Pardon the mess, everybody; the new site is still under construction. Time to take another break from your NaNoWriMo-ing for a new author interview! This week, we’ll be hearing from Annie Douglass Lima, author of the Krillonian Chronicles fantasy series. Book 3, The Student and the Slave, was just released at the end of last month.
Hi, Annie! Tell us how you started out as a writer.
I’ve been writing for as long as I can recall. When I was seven years old, I had a sudden inspiration for what I thought was an amazing story and decided then and there that I was going to write a book and be the world’s youngest published author. I ran to my room in great excitement, found an old notebook and a pencil, and started in. Well, that first novel was never actually finished, let alone published, but it got me started. After that, I can’t remember a time that I wasn’t working on at least one book. Prince of Alasia, which I began in college, was the first one I finished that I thought was worth trying to get published. I looked into traditional publishing and spent a long time trying to get an agent, but to no avail. Finally I learned about Kindle Direct Publishing and did it myself the indie way, eleven years after I first started writing the book. A few months later I added the paperback edition. It was quite a thrill for me to finally fulfill my childhood dream! Now I’ve published a total of fourteen books (three YA action and adventure novels, four fantasies, a puppet script, a coloring/activity book, and five anthologies of my students’ poetry).
Pretend my readers and I are Hollywood producers and pitch The Student and the Slave to us. What’s the story premise in a nutshell, and what sets it apart from other works in the fantasy genre?
Warning : spoilers ahead for anyone who hasn’t read the first two books!
The Krillonian Chronicles are set in a world almost exactly like our own, except for a couple key differences, such as the popular martial art known as cavvara shil. The main difference, however, is that slavery is legal there.
The Krillonian Empire rules much of the world. An emperor governs from the capital city, Krillonia, on the continent known as Imperia. Eight separate provinces (independent nations before they were conquered) can be found on nearby continents. Each province, plus Imperia, is allowed to elect its own legislature and decide on many of its own laws, though the emperor reserves the right to veto any of them and make changes as he sees fit.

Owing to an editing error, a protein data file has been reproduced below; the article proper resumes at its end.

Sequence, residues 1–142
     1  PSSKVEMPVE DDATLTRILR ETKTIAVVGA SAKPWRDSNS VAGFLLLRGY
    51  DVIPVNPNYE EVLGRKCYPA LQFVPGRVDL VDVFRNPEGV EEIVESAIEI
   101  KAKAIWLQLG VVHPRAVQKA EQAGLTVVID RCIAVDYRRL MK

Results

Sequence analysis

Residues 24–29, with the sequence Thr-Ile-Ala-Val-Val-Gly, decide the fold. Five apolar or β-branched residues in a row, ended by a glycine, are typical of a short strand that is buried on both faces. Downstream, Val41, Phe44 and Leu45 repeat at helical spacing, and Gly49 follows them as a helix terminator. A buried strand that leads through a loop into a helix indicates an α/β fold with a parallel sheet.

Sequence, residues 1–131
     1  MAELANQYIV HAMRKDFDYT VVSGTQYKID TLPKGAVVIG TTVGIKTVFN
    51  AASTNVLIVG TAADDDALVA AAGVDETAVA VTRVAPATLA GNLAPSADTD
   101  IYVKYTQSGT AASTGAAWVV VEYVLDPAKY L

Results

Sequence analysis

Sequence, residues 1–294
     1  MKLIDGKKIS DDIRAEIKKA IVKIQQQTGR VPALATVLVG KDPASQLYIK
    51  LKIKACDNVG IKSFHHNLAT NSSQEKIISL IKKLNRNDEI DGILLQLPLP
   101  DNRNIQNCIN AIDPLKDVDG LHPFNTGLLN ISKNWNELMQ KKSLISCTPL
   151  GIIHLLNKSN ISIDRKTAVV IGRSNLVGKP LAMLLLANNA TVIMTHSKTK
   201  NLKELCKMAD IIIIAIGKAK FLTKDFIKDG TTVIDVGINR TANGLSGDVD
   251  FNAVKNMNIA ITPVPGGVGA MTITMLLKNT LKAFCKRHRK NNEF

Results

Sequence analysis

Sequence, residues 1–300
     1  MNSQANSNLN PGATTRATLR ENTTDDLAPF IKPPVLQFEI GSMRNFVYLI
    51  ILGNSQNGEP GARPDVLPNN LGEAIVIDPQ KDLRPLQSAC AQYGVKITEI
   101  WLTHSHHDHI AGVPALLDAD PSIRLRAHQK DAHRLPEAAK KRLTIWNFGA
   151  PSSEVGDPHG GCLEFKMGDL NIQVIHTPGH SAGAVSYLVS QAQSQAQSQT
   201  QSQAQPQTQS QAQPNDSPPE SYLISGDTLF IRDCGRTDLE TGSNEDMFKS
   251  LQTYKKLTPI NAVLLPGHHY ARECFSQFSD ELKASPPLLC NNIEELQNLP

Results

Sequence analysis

In recent months, the province of Tarnestra became the first to outlaw slavery. As you can imagine, this history-making event sparked hope in the hearts of slaves throughout the empire, and for many, dreams of escape suddenly became a real possibility. As a result, in addition to freeing all its local slaves, Tarnestra has recently seen an influx of escaped slaves from Imperia and other provinces. These changes have had unfortunate effects on the economy, since many businesses cannot afford to hire as many employees and have had to shut down or cut way back. (The accepted salary for enslaved workers – paid to their owners, of course – is two-thirds what free workers earn.) Tarnestra is now dealing with huge numbers of unemployed and homeless people.
In the midst of all this, former enslaved gladiator Bensin arrives with his little sister Ellie and a couple of friends, after a harrowing escape at the end of book 2. Steene, the coach and father figure who rescued him, sacrificed himself for the rest of them and has been sentenced to a life of enslavement as the penalty for his crime. Now, Steene must adjust to living as a slave under the bratty young boy who is his new owner while trying to find a way to escape and join his loved ones in Tarnestra. This task grows more complicated when he starts to grow attached to said bratty owner. Meanwhile, Bensin searches desperately for some way to arrange (and pay for) Steene’s freedom remotely while he tries to find a job in a province where there simply aren’t any available. Though he’s looking for safe, legal, and ethical options, he discovers that the local street gangs are willing to pay top dollar for combat training from a former gladiator.